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Good stuff.. Just read through the Test Plan outline...

One quick point... I would deffinately make it a priority to understand the culture specific to Afghanistan.

From experience while working with the ANP there seemed to be a negative undertone toward the UK service members. I think this might have to do with the history more so than what is going on today, but it still should be understood.
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Old 07-20-2009   #23
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I think for key commanders and staff we will have to. There are 2 problems:

1) We do not want to confuse soldiers with multiple scenarios. Once they start focusing on Afghanistan then they start almost 'total immersion'.

2) For key commanders and staff the sooner the process of building knowledge on AFPAK society and culture the better. Problem is we have a very very high turnover of key staff before we deploy.

RR
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Old 07-20-2009   #24
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Quote:
Originally Posted by Red Rat View Post
Problem is we have a very very high turnover of key staff before we deploy.

RR
Are the new guys at least going to get there for the training?
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Old 07-20-2009   #25
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Hi Guys,

RR, overall, I think it looks pretty good, although I have a few reservations.

1. the overall culture first aim point is good, but there is a lot of validity to specific aim point. I would suggest that, in the overall cultural awareness training, you concentrate mainly on the cluster of semi-nomads: segmented kinship lineage, strong honour systems, warrior cultures, strict gender divisions, strong oral culture, etc. Normally in Anth, that would mean pastoralists, but there is a segment that is horticultural (e.g. the old Goths ~ 400 ce, Scots borderers, etc.) that parallels the Afghans of Helmand. That type of concentration (nomads and semi-nomads) should cover most of the areas that you are liekly to deploy to over the next 20 years or so.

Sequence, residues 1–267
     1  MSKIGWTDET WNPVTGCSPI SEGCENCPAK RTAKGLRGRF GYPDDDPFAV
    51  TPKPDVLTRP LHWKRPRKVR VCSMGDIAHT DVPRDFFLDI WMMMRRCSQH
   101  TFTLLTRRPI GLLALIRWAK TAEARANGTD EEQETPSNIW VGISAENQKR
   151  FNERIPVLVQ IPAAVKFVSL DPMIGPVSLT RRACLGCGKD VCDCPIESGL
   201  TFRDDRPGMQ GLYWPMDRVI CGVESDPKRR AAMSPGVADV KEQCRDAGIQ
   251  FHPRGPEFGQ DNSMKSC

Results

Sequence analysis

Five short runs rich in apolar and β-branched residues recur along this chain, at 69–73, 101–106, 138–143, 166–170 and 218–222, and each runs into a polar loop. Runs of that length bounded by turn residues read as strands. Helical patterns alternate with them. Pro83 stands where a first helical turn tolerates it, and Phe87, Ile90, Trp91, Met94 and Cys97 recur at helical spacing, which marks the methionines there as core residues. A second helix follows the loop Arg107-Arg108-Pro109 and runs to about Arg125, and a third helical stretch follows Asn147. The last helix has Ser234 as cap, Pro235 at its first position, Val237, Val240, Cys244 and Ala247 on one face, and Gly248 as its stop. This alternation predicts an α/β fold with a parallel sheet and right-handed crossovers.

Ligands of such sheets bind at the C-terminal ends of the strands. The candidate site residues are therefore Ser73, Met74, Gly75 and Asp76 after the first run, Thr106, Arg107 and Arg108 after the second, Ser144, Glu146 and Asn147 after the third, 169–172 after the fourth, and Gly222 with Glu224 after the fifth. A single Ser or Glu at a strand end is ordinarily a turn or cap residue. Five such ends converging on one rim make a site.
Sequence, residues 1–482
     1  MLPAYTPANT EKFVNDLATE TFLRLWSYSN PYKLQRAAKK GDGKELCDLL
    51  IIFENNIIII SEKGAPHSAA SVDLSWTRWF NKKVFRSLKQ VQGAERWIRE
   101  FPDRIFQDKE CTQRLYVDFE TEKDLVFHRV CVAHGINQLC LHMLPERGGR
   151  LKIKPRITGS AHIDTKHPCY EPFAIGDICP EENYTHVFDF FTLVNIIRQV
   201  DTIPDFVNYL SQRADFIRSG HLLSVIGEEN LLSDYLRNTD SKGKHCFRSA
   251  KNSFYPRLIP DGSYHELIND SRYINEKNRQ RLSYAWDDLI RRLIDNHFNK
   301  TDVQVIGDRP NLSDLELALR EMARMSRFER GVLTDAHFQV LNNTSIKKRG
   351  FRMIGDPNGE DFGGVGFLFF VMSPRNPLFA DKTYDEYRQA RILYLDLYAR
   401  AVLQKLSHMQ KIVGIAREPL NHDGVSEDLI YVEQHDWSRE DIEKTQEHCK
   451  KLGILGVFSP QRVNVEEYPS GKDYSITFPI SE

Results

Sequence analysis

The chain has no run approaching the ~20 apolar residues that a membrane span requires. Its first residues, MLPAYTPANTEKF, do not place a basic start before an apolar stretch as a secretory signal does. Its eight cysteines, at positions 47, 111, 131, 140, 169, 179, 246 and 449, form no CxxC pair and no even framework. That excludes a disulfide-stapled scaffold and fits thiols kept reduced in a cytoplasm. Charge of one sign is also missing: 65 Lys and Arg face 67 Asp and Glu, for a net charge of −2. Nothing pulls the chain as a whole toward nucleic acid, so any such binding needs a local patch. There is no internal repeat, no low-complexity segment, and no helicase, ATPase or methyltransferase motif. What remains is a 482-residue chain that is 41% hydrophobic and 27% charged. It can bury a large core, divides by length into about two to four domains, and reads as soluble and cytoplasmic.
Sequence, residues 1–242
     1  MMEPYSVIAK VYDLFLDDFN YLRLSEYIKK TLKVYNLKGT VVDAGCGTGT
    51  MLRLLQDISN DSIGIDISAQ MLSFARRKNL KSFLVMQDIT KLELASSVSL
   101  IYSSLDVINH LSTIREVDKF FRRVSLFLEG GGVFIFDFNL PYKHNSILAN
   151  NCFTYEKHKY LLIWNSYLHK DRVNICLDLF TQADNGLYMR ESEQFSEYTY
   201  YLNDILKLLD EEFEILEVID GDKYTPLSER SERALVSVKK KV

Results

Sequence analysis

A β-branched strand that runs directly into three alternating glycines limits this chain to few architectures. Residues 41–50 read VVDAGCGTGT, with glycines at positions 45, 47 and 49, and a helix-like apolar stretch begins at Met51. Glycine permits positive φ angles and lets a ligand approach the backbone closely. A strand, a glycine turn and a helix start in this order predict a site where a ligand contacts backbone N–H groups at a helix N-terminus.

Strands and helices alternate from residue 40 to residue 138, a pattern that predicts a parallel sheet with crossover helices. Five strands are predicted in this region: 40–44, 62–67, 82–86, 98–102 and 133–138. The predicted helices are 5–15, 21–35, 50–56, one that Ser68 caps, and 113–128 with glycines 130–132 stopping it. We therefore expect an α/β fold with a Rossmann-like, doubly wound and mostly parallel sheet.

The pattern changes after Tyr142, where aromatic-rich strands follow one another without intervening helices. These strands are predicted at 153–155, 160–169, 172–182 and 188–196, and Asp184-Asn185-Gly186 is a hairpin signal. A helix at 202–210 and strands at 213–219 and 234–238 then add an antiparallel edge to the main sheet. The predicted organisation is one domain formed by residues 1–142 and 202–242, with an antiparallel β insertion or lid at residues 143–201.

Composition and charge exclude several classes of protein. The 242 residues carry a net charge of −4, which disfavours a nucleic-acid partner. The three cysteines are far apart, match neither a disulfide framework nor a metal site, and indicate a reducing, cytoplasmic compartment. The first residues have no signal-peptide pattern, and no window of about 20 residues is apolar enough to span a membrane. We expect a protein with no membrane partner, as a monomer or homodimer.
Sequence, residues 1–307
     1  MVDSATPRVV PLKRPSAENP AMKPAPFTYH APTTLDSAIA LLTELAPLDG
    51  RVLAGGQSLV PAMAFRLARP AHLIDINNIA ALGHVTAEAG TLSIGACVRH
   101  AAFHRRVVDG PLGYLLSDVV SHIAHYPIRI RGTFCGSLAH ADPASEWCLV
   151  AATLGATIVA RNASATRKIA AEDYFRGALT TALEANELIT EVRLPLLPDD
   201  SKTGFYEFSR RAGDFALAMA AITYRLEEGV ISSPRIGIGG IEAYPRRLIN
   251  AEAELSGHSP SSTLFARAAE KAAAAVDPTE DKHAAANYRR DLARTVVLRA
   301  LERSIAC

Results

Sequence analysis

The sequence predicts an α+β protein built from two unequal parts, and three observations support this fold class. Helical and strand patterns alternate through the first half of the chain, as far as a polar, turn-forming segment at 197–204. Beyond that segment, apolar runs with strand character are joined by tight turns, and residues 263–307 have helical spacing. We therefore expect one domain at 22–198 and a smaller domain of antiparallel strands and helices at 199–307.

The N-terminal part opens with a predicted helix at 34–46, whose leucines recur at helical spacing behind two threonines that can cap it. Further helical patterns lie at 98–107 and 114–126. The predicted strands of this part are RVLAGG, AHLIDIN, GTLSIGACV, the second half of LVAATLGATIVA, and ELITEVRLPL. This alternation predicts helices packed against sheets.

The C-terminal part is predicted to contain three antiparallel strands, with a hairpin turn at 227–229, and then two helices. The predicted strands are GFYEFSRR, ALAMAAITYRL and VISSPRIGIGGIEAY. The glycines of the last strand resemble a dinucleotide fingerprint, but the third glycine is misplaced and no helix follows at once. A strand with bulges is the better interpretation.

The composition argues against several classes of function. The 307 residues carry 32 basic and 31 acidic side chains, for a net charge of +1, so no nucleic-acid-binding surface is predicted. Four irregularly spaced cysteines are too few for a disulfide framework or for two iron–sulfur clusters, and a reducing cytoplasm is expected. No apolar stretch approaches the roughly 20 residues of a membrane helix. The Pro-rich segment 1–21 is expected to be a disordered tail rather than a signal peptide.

2. I notice that you are going to have Captains training the troops. Are the Sgt Maj's going to be at that training as well? You're going to need your SNCO's and/or WO's to "translate" a fair chunk of the material.

3. Are you going to build in something in the ISTAR training on how to talk with the Yanks? They're the ones with most of the air power and a fair bit of the artillery, and I fully expect them to still be operating in Helmand in 2010-11. Indeed, in the last 6 months pre-deployment, you should know which US units will be operating in the area, so it would be worthwhile to try and set up either liasons or some type of "joint" exercise.

More later...